Friday, June 7, 2019

Game 67: Frogger

I was never a huge Frogger fan. There’s nothing wrong with the game, and it’s a novel break from the space shooters that saturate arcade games of the era, but Frogger just plays bit too leisurely for my taste. Which isn’t to say it’s easy – Frogger still demands split-second timing and precision (it’s no Defender though), but I think the laid-back feel really comes from the fact that you can’t really interact with anything in Frogger’s world, and nothing in it reacts to you or anything you do. Trucks are going to drive, logs are going to float, alligators are going to swim, and snakes are going to slither. Turtles take no notice of you, and you won’t get chased around by first year medical students with glass jars or small boys with sticks or anything. All you can do is plan a route to your destination and try not to get splatted, eaten or drowned.

I considered skipping this game. I’ve played it before, didn’t particularly enjoy it, there’s no winning condition, and everyone reading this knows how Frogger works, right? But then again, maybe the later levels have things in them that I hadn’t seen yet. I got the idea to check the achievements list on XBLA, and found there are achievements for beating levels 1 through 5, suggesting that if I can beat level 5, then I’ll have seen everything Frogger has to offer. And so I made it my goal.

I also realized, having not known this before, that the little magenta things sometimes seen perched on logs are actually female frogs which can be rescued for extra points. Until I saw the XBLA achievements list, I had assumed they were hazards.

I didn’t quite reach my goal of beating level 5. The game starts getting really hard around level 4, and I’ve only beaten it a few times, usually on my last life. It doesn’t help matters that the collision detection feels a bit wonky when things move fast, as if Frogger’s bounding box doesn’t quite align with his sprite. Slight brushes against vehicles kill you, and sometimes look like they shouldn’t, and when the traffic is moving so fast and packed so densely, this leads to a lot of misjudged leaps and splatted frogs. Likewise, Frogger doesn’t need to be in complete overlap with frogs or turtles to land on them safely, but sometimes fails to stick a landing when it looked like there was plenty of clearance.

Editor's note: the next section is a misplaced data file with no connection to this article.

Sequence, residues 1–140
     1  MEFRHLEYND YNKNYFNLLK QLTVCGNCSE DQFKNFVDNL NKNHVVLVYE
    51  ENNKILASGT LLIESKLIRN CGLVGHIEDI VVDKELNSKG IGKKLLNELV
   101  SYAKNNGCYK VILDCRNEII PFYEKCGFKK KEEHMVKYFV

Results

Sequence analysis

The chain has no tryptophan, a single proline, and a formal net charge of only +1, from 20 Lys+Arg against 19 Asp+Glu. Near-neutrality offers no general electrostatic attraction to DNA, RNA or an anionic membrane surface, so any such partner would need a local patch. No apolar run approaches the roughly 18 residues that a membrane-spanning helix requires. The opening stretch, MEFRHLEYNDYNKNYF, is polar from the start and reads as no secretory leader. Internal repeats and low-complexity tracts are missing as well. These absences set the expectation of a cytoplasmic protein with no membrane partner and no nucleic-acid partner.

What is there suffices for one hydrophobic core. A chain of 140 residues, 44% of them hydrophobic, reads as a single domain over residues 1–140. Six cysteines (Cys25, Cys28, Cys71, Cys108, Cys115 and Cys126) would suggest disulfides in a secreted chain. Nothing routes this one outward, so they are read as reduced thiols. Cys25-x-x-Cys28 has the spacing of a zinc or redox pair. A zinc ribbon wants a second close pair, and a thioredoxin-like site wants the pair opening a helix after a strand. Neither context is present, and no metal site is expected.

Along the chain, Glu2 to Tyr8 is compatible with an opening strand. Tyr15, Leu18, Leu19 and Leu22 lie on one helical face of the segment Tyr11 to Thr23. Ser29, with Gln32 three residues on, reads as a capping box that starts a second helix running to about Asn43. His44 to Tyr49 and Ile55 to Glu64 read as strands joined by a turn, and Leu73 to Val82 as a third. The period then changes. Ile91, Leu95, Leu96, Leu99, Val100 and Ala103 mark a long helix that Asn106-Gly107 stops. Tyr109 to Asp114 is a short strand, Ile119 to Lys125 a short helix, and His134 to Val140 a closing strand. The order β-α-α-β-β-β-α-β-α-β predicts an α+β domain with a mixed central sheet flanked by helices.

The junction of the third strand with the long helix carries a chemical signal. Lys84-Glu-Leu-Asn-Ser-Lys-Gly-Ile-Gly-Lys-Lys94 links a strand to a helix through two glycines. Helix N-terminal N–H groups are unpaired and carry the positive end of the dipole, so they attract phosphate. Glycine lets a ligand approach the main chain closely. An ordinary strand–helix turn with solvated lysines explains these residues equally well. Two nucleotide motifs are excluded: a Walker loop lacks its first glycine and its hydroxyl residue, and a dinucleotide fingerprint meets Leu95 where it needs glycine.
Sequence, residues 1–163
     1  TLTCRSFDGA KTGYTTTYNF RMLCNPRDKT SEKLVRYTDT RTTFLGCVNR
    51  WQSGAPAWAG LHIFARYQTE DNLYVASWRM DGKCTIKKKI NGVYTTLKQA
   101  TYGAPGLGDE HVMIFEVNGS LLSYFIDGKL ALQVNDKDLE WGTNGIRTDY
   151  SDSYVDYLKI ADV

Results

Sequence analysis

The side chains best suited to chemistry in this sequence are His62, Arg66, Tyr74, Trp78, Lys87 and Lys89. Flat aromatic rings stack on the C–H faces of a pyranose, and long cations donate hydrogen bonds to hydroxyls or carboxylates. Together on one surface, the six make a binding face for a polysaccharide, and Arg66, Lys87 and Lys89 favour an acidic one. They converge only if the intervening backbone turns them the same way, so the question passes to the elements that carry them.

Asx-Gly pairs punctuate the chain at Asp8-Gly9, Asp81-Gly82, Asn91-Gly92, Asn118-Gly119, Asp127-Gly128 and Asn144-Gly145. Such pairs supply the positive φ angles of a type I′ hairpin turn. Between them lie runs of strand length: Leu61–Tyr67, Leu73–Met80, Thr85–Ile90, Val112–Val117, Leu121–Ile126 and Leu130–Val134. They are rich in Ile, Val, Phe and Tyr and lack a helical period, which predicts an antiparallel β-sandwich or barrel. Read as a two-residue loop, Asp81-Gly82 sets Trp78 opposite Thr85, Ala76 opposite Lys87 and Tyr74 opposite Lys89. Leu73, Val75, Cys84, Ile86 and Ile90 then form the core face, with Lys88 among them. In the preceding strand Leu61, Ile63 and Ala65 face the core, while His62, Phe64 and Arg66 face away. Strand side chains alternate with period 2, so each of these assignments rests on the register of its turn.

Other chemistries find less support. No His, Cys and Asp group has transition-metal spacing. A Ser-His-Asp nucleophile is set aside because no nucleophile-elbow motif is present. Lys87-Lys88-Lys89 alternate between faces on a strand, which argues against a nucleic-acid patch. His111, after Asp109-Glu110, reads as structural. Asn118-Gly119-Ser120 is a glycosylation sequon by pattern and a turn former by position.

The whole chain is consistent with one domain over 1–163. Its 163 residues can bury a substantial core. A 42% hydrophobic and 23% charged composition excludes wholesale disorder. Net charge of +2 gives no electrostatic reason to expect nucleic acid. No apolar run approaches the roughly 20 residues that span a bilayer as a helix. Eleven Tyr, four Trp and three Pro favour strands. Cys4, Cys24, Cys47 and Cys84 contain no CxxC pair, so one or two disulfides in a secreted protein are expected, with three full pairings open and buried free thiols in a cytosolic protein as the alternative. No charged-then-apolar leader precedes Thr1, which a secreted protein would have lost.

Frogger is also remarkably stingy with the extra lives. You get three lives, and need 20,000 points to get a fourth. Points are awarded as such:
  • 150-650 points per rescued Frogger
    • 10 points for hopping forward 10 times
    • 50 points for reaching home
    • 10 bonus points for each remaining second
  • 200 points for rescuing a lady frog
  • 200 points for eating a fly
  • 1000 points for finishing a level

I was able to get about 4,000 points per level, and don’t see how you could possibly get 5,000. As you beat stages, the scoring potential only decreases, as the starting timer gets lower and the maximum score bonus along with it, and you have less leisure to pursue flies and females. Realistically, you’re not getting that bonus life until you’re well into the fifth level.

I don’t really see what else I can say about Frogger. It didn’t grow on me as I made my attempt to “beat” it, and if anything I just grew annoyed with its collision detection.

One bit of trivia I find interesting is that in 1998, Frogger was among the very last games developed and officially released stateside for the SNES and Genesis. The SNES version is upgraded to SNES-grade graphics and sounds, but the Genesis version is a very accurate reproduction of the arcade original, as far as I can tell, and this strikes me as the more impressive accomplishment.

No comments:

Post a Comment

Most popular posts